6. What do you think should be done with the Groves school building, and the site?

Labour Councillors worked with partners and stakeholder groups to stop the demolition of this iconic building. We have an ambitious vision for the former Groves School building and site. A Labour controlled Council would work with Coleg Cambria, Welsh Government and stakeholders to deliver a state-of-the-art learning centre. This would see the listed building, which has played an important role in Wrexham’s past, being brought back into use and turned into a centre for further and higher education, specialising in teaching key skills for the emerging markets within the technology sector. This facility could dovetail with the Welsh Government’s plans for a £30m advanced manufacturing and research institution based at Airbus, Broughton. The redevelopment of the Groves would not be at the expense of new schools. Labour Councillors have raised the issue of increased demand and the need for new schools at Council Scrutiny meetings and have identified sites within the Planning Policy process

7. What are your thoughts on the housing supply in Wrexham, and if you feel more housing needs to be created in volume, where would that be sited and who would it be targeted at?

For the past five years the Council have operated with NO Local Development Plan. It has been ‘open-season’ with developers submitting applications for large scale housing developments. This uncertainty cannot continue. Recent statistics show the need for approx. 8,500 properties within the County for 2018 to 2028 (not 12,000 as per Plaid Cymru). Taking into account properties that have already had planning permission and those currently in the pipeline, this figure could almost halve. These homes need to be dispersed across the entire County to minimise the impact to local infrastructure and services. Labour will build Council Houses in mixed developments alongside private and affordable housing. The Housing Benefit Single Room Subsidy, enforceable in April 2019 will affect single occupants under the age of 35–Bedroom Tax Phase 2. Currently 20% of Council tenants will be adversely affected by these national changes. This must factor into the development of the future housing strategy.

8. On litter and dog fouling enforcement, do you think this should be provided via a third party, and should it be enforced to the letter of the law or in a more lenient manner?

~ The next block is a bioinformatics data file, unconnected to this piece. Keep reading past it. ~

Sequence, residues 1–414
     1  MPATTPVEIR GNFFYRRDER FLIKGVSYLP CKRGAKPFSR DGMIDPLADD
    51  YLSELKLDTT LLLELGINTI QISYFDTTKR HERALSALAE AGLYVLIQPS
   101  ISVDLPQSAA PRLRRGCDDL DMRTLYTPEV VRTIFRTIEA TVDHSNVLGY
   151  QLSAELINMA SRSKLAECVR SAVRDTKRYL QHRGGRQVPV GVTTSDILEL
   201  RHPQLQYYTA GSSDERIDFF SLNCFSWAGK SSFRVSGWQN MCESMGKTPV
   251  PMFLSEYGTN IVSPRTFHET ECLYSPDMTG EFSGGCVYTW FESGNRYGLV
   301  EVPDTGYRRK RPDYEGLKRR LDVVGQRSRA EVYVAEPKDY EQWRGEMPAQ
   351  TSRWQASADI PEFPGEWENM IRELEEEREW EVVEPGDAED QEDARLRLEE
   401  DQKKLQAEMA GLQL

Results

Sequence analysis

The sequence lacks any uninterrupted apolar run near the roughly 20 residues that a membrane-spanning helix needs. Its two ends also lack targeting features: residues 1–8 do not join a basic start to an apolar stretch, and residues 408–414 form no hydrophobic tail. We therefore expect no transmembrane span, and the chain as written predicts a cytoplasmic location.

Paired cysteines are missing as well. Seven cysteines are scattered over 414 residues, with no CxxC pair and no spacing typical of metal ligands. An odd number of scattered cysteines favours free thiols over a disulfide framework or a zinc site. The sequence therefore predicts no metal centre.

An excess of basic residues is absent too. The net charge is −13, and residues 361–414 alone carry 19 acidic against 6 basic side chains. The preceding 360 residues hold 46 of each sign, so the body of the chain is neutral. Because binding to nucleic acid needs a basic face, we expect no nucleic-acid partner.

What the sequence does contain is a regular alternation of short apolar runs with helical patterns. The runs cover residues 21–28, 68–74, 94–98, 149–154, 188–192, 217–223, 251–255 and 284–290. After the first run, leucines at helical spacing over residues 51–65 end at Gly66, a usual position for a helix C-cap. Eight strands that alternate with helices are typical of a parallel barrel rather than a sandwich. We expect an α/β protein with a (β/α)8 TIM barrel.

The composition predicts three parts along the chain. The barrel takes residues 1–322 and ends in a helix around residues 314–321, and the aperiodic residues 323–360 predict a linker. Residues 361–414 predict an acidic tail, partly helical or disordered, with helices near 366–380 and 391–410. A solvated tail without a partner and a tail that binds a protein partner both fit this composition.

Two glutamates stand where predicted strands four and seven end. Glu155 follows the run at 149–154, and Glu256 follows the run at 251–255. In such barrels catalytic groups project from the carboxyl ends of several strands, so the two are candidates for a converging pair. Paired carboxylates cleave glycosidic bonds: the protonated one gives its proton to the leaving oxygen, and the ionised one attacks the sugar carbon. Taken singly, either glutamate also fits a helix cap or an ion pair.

Dog fouling and littering has been outsourced by Wrexham Council to Kingdom Enforcement and it has been confirmed recently the ‘zero tolerance’ contract is now extended for another two years. The Fixed Penalty Notices show Kingdom is focussing on easy wins via cigarette litter and there is very little enforcement of dog fouling, confirming that when you outsource you lose control and we can see this in Ruabon. Our residents are told to report areas where dog mess is an issue and ‘you will have a visit by the enforcement team only if there are a large number of registered reports for your area’. This is reactive. A more proactive measure would be for the Council to actively support information campaigns and educate to reduce littering, fly tipping and dog fouling across the County, coupled with an Enforcement Team who have ethical standards and can follow the National Guidance.

9. Do you favour the current Executive Board system or a politically balanced system? Why?

The Cabinet Executive Board system has been widely adopted by all twenty two Councils in Wales and appears to work well in many Local Authorities. Whatever system is used it must be effective and this is the responsibility of the Chair. If debate is stifled, the Executive Board Lead Members are not held to account and the decision making process is weakened. The reputation of the Council is then put at risk. The alternative to an Executive Board is a committee driven structure, although this would require the introduction of monthly Full Council meetings to ensure decisions are made. The type of system is not a priority at this time, it is very much about putting democracy back into the Council. One way in which we can do this is by reviewing the current Constitution and changing the closing date and time of public questions, to enable you to see the published agenda and reports and still have time to submit your question to the Lead Member.